Journal of the House of Lords: Volume 62, 1830. Originally published by His Majesty's Stationery Office, London, [n.d.].
This free content was digitised by double rekeying. All rights reserved.
Die Veneris, 25 Junii 1830.
The Lord President in the Chair.
Walter Stevenson Davidson Esquire is called in, and further examined as follows:
Do you think the Existence of The East India Company as a Trading Company at Canton affords any Facility to Remittances to India or to Europe?
In my Time it did in the greatest degree; I should have been otherwise often at a Loss; I was in the habit of resorting to their Treasury every Season; and when it happened that they declined to draw either on India or on England, my Constituents and myself were deeply disappointed.
Does not that Difficulty of making Remittances on the Part of Merchants trading to the Port of Canton result from the Circumstance of their not being permitted to make Remittances in Tea to this Country?
Certainly, in a great degree; having no Investment to provide for Europe, we could only resort to The East India Company for a Remittance in Bills.
Then the Difficulty is created by the Monopoly of The East India Company in the Article of Tea, and is removed only at their Pleasure?
Precisely so, as far as regards Remittances to Europe.
Do you think the Position of Merchants residing at Canton would be better or worse, if the Trade were open, in that Matter of Remittances?
Much better, if the Trade were open and conducted on sound Principles.
What Engagements did the Owners of Country Ships enter into with the Governments of India?
I will speak of Bengal with which I am far best acquainted. Before sailing from Bengal, the Owners of all Country Ships are obliged to give to the Government a Bond, in which Bond they bind themselves under certain Penalties to conform to the Orders and Restrictions of The East India Company's Representatives in China; and on their Arrival in China, the first Thing which is done is to receive the Instructions of the Committee of Supercargoes with regard to their Conduct while in the Port.
Do you happen to have a Copy of that Bond?
It is in my Possession, but my Papers are not within my Reach at this Moment. The Trade between India and China (that is the Country Trade) is a Trade of a Nature which does not seem to be generally understood in this Country, and is merely a Trade of Sufferance.
Is not all Trade a Trade of Sufferance on the Part of the Government, which might prevent it if it pleased?
The Legislature of this Country has given to the British Merchants in India that Trade as a Trade of Sufferance, to be permitted to enjoy it under the Regulations of The East India Company.
The Legislature has given to The East India Company the Power of preventing it?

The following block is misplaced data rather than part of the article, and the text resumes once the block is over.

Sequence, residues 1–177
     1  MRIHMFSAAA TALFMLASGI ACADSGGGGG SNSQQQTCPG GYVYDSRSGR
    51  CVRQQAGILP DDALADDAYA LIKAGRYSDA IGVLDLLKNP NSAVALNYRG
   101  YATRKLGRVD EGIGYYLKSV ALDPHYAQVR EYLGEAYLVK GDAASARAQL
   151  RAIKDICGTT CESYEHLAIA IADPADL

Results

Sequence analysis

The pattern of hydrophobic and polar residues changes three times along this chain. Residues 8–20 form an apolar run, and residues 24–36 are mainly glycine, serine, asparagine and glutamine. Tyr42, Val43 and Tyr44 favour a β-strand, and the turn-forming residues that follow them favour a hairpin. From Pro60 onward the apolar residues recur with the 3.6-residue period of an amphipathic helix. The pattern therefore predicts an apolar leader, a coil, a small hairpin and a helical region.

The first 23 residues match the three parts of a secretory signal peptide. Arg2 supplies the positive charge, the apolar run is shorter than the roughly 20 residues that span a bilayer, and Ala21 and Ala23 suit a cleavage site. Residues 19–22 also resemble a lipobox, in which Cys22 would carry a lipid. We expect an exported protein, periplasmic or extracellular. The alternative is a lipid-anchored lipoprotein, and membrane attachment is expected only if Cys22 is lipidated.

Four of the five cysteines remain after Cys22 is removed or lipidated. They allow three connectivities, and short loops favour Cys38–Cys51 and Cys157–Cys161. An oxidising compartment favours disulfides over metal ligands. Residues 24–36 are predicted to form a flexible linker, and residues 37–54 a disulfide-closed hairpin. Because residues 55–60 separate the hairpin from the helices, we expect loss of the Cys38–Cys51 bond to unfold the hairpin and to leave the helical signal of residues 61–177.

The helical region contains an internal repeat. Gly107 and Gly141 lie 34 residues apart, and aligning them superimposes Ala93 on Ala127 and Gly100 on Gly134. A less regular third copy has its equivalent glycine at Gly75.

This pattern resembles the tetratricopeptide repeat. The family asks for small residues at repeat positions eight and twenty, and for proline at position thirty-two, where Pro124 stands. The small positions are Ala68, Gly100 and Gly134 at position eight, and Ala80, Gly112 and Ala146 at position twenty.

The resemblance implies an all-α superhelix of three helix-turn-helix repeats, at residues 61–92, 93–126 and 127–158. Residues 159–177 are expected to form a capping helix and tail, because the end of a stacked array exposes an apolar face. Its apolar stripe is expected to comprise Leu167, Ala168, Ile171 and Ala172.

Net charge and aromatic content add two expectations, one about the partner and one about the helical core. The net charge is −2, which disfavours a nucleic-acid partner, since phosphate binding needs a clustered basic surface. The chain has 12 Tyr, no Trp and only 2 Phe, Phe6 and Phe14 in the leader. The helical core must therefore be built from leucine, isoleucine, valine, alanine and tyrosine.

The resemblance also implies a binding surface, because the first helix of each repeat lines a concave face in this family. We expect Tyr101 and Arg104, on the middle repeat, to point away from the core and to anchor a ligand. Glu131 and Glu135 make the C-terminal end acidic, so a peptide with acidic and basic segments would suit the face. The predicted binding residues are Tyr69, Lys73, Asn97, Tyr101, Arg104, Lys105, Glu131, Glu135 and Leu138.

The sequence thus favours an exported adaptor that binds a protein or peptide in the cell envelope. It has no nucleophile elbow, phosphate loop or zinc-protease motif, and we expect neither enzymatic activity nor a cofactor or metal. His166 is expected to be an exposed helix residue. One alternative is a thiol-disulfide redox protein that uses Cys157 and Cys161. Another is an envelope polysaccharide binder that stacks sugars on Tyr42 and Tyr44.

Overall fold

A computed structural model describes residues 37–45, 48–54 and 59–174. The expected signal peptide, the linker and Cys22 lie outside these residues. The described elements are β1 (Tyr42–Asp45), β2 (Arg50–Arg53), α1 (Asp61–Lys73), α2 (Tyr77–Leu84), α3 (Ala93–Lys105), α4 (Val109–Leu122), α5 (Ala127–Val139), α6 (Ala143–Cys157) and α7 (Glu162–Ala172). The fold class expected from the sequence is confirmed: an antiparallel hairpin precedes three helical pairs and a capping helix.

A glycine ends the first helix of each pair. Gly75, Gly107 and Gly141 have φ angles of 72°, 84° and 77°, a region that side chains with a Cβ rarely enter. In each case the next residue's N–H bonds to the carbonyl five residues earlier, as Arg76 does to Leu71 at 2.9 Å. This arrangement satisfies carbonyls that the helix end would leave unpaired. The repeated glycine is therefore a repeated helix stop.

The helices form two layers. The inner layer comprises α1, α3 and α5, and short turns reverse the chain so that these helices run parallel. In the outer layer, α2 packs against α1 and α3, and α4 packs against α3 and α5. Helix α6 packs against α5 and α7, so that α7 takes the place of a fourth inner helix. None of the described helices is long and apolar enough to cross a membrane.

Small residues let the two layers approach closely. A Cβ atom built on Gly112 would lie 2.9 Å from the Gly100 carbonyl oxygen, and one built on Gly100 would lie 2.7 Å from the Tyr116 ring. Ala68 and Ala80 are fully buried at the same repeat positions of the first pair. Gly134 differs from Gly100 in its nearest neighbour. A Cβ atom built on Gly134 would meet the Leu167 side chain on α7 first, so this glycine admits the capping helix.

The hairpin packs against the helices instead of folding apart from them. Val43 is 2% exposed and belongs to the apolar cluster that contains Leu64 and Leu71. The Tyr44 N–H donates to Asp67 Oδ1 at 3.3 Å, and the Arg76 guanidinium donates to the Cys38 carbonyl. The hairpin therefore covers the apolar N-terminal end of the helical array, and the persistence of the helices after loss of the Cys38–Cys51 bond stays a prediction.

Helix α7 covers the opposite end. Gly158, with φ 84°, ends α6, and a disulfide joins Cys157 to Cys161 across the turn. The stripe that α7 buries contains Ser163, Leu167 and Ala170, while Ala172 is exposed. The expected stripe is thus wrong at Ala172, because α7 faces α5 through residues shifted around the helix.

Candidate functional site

Yes, I believe so.
Are there any Restrictions placed on the Exports of British Manufactures from India to China— Woollens and Cottons?
In my Time there were; but they have been partially removed of late Years, I have been told.
You cannot state the Date of the Removal of that Restriction?
I think I may say within the last Ten or Twelve Years.
Was that Restriction removed on any Representation made by any Merchants resident in India?
I cannot speak from Knowledge; but I have very little Doubt it was removed at the Time The East India Company ceased to find it much their Interest to enforce it.
Do you happen to know whether Advantage has been taken of the Removal of that Restriction from the Import of British Manufactures into China from India?
I have heard it stated to be so; I have understood that it has been done profitably.
What particular Species of Manufactures?
I really cannot enumerate them.
They have not been to any great Extent?
No, I think not; principally by the Officers of Ships. I should think not to an Extent sufficient much to attract the Attention of the great Houses in India.
What were the chief Articles consigned to you for Sale in China by your Constituents?
The chief Articles were Cotton and Opium; they formed, I think, upwards of Nine Tenths of my Consignments.
What were your Returns?
Besides the Supercargoes Bills on the Indian Government, when they drew, I remitted very largely in Sycee Silver, the Production of China, in Tutenag, and many other Articles.
Any in Dollars?
Sometimes in Dollars. We were occasionally compelled to remit in Dollars, owing to the Difficulty of smuggling the Sycee Silver; but never resorted to that Mode, I think, when we could obtain the Sycee Silver.
The Dollar in China is very much beaten and broken, is it not?
Constantly cut and clipped in all Directions; it almost ceases to be a Dollar when it has circulated in China; there it is weighed as Silver; all Payments are made by Weight.
Is the Dollar, in consequence of this beating and breaking, diminished in intrinsic Value in China?
The Moment the Dollar is clipped it cannot be said to diminish in Value, because it will be taken afterwards just for its Weight in Silver, although it be punched and clipped through and through.